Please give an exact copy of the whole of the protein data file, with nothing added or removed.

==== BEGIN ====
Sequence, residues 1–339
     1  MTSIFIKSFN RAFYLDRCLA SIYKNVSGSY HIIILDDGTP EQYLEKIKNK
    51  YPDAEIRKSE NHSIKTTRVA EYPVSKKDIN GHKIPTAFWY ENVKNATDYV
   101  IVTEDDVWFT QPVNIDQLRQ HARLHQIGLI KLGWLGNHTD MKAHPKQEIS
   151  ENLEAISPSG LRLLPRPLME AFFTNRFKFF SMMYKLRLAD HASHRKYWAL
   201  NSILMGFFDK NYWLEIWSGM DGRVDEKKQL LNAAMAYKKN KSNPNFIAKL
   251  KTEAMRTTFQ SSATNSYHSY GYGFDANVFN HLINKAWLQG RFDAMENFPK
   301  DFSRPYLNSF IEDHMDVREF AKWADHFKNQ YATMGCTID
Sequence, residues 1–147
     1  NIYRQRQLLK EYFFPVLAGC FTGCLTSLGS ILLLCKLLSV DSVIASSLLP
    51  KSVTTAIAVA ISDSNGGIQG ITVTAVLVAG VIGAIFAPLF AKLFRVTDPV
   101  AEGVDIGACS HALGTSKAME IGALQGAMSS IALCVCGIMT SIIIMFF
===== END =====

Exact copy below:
Sequence, residues 1–339
     1  MTSIFIKSFN RAFYLDRCLA SIYKNVSGSY HIIILDDGTP EQYLEKIKNK
    51  YPDAEIRKSE NHSIKTTRVA EYPVSKKDIN GHKIPTAFWY ENVKNATDYV
   101  IVTEDDVWFT QPVNIDQLRQ HARLHQIGLI KLGWLGNHTD MKAHPKQEIS
   151  ENLEAISPSG LRLLPRPLME AFFTNRFKFF SMMYKLRLAD HASHRKYWAL
   201  NSILMGFFDK NYWLEIWSGM DGRVDEKKQL LNAAMAYKKN KSNPNFIAKL
   251  KTEAMRTTFQ SSATNSYHSY GYGFDANVFN HLINKAWLQG RFDAMENFPK
   301  DFSRPYLNSF IEDHMDVREF AKWADHFKNQ YATMGCTID
Sequence, residues 1–147
     1  NIYRQRQLLK EYFFPVLAGC FTGCLTSLGS ILLLCKLLSV DSVIASSLLP
    51  KSVTTAIAVA ISDSNGGIQG ITVTAVLVAG VIGAIFAPLF AKLFRVTDPV
   101  AEGVDIGACS HALGTSKAME IGALQGAMSS IALCVCGIMT SIIIMFF